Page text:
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Mom Mondays: Hockey Email Etiquette, Peeves and Politeness Photo

It’s the beginning of August and soon – if it isn’t so already – your inbox is going to be inundated with hockey-related emails. As a former hockey team manager, I am very often the one to blame for the deluge of hockey emails in your inbox! As I am about to begin my seventeenth season as a hockey mom, I thought I would share some email Do’s and Don’ts where minor hockey is concerned.


  • Respond to your coach or your team manager. I mean, for real, not in your head. They are volunteers charged with trying to make your child’s hockey experience as enjoyable as possible and this requires a fair amount of organization. Radio silence on your end is annoying and requires them to send out reminders. Send a reply as soon as you can.
  • Keep your emails short and sweet. It’s minor hockey, not a legal briefing, for crying out loud. Are you going to be at the team icebreaker party or not? (But do let the host know what wine you plan to bring too!)
  • Share all relevant information in one email and proofread it before sending. Nothing like getting emails that start out, “Please disregard my last three emails”! People make mistakes, that’s for sure, and sometimes critical information about the upcoming game or tournament does change but if you know you’re not good with details, double check your email! Take Two is funny. Take Five? Not so much.
  • Tell me who you are! We all get a lot of emails every day. Many of us have multiple kids in hockey and don’t yet know all the parents on the team. If you’re asking for a ride to the game for your child, tell me who your child is (this is especially important to those, like me, whose last name differs from their children) and which game you’re talking about. I want to help, I really do, but with three kids going in three different directions, I need to know who you are!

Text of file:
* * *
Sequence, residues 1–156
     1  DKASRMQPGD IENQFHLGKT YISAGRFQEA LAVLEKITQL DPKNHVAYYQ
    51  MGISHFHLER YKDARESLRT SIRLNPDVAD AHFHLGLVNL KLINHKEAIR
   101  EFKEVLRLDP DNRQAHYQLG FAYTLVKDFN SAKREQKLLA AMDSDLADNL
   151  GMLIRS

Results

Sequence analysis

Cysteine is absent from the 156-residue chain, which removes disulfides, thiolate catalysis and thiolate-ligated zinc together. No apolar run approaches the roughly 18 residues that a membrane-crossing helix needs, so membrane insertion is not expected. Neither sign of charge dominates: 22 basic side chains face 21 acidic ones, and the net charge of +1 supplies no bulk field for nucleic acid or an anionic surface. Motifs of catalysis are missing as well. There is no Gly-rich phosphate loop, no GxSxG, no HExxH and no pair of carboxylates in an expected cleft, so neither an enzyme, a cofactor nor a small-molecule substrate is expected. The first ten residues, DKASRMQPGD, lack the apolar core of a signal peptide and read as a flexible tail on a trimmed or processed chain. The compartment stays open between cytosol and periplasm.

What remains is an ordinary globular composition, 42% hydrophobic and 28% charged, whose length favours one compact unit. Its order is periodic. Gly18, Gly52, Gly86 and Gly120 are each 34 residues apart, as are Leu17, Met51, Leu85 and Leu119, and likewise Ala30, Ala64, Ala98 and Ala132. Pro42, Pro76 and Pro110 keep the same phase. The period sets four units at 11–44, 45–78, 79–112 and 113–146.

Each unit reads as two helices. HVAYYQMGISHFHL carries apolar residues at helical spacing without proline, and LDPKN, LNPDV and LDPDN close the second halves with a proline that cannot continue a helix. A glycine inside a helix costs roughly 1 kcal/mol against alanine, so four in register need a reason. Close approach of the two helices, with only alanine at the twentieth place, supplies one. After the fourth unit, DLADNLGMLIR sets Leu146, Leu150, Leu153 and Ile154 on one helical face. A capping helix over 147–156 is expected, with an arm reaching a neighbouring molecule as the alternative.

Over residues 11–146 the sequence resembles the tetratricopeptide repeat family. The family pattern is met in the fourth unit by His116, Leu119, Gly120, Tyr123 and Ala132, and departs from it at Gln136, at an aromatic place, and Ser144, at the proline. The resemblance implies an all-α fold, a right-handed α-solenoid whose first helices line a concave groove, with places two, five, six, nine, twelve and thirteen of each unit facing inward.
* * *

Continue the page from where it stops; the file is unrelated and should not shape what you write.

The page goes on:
• Hit “Reply All” when responding specifically to your coach or manager. No one else on the team really needs to know that your child will not be attending practice on Saturday because they have a sixth grade family heritage project due that they’ve – Ha ha – left to the last minute.
  • Share your life story in every email you send to the team. We’re very sorry your mother is in the hospital, that your wife didn’t do the groceries on time, that you burned the dinner and that your kids are grounded because they didn’t clean up their room. That’s TMI.
  • Use the team email list to sell us anything, unless it’s actually for our team fundraiser.
  • Complain about the coach or assistant coaches to all the parents on the team behind the coach’s back. This is awkward and immature. If you have a problem with the coaching or bench staff, wait your obligatory 24 hours and take it up directly with the coach, one-on-one, like a grown-up. If that fails to satisfy you, you have the right to seek out the appropriate association executive to help address your issue.
  • Delete my email without reading it. It hurts my feelings.

Email is a very effective form of communication in our universe, and this is certainly true for hockey teams and the hockey season. Just be sure to make those emails as useful as possible and to not overdo it.

So, three cheers for the new hockey season – let the emails begin!

Tags: minor hockey

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